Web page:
Cat litter comes from a wide range of materials including clumping clay, granulated clay, cedar chips, pine shavings, wheat, corn cobs and recycled paper. Your cat, who is daily exposed to her cat litter, may develop allergies to the substance that creates it. Allergic reactions can arise, compromising your cat's immune system. Symptoms may affect your cat's respiratory tract, digestive system and more.
Cat Litter Allergy Symptoms
You may notice your cat sneezing when she uses the litter box. If this happens every time she comes in contact with the litter, she may be having an allergic reaction. Sneezing clears her air passages. In addition to sneezing, your cat may experience allergy symptoms such as panting, wheezing, coughing, snoring and wheezing due to an inflamed throat.
Your cat may accidentally consume small particles and dust from litter. After the use of the litter box, many cats groom themselves using their tongues. If your cat licks the bottom of her feet just after standing on the litter, the particles can affect the digestive system, and vomiting and diarrhea symptoms can arise.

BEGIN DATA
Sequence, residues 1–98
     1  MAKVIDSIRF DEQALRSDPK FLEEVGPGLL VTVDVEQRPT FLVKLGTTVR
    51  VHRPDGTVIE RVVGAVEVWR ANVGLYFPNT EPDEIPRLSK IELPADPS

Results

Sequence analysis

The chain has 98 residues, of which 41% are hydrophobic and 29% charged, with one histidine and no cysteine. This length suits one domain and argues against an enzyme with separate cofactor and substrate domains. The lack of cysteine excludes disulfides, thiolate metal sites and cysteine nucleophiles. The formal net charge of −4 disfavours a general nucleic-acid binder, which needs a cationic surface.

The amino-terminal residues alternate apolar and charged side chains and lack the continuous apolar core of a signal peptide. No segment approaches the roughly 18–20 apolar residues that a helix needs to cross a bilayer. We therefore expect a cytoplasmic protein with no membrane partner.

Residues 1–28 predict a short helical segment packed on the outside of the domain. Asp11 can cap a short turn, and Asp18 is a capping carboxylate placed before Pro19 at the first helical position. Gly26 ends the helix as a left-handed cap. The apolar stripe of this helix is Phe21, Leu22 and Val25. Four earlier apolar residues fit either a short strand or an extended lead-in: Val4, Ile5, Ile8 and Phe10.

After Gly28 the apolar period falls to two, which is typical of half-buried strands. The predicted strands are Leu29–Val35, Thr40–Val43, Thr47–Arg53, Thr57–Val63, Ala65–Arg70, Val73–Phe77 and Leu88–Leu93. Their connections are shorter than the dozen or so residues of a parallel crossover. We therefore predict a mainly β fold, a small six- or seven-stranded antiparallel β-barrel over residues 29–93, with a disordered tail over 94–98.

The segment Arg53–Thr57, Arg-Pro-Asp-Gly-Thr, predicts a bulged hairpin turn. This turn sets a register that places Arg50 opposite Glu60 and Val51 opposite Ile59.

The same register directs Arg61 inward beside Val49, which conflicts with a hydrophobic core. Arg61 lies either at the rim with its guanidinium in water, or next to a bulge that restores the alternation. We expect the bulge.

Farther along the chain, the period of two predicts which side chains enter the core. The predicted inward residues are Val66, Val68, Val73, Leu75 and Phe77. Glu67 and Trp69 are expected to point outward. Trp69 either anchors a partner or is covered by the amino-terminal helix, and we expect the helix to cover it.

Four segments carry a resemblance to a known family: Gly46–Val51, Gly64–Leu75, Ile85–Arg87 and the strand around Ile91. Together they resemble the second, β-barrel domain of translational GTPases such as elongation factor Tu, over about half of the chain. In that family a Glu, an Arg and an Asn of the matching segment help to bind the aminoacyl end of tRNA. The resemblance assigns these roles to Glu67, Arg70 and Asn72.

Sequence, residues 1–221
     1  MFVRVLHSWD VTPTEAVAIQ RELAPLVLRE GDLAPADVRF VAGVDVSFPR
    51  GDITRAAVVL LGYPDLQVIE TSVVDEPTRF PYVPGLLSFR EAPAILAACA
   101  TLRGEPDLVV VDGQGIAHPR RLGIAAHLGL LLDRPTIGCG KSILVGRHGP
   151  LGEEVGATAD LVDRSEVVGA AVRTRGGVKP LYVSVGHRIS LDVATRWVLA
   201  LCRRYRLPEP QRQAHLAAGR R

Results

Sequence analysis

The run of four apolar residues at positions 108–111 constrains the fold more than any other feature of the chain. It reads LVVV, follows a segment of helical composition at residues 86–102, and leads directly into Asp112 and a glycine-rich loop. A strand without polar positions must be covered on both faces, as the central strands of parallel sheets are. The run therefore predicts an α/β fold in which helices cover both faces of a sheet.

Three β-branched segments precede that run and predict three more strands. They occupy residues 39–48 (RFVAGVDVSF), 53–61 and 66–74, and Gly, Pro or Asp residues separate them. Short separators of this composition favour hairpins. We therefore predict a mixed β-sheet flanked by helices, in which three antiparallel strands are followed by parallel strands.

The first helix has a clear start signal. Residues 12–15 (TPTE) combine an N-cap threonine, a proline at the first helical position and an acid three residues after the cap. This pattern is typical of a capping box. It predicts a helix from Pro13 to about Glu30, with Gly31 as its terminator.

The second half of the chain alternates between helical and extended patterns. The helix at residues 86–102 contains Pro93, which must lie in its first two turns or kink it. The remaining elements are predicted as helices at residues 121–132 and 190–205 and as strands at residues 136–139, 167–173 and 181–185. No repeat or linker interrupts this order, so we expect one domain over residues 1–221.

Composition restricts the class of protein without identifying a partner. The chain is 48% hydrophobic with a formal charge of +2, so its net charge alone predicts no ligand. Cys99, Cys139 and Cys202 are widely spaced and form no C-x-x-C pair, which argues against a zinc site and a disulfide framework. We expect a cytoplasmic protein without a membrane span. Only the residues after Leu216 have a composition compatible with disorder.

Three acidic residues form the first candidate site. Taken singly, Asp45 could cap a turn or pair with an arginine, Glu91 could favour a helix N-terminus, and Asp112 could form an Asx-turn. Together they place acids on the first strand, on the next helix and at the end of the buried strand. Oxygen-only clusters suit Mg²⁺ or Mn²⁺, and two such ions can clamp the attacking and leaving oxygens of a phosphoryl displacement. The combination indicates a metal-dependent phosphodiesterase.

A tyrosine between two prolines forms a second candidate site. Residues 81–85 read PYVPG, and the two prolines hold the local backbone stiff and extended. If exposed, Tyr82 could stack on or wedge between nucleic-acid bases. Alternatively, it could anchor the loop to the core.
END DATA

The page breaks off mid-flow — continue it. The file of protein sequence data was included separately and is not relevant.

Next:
The skin can absorb airborne irritants that cause symptoms such as chewing of the paws, gnawing on random places on the body, itchy skin, increased scratching, rubbing, biting and licking. While many cats occasionally exhibit this behavior as a normal part of their self-grooming process, constant irritation and inability to stop scratching signify allergic reaction. Constant scratching, chewing and licking can cause your cat's skin to become irritated and bleed.
Your cat may experience noticeable physical conditions, such as watery eyes and frequent ear infections. Usually, these symptoms disappear after you change the type of litter to one that does not cause allergic reactions in your cat. If you notice a serious reaction, such as swelling of the face, visit a veterinary clinic or local animal hospital immediately. Swelling of the face is a symptom that your cat may develop anaphylactic shock, experienced when the air passages are constricted to the point that they don't allow air to flow and completely restrict breathing. Immediate attention is essential to saving your cat's life.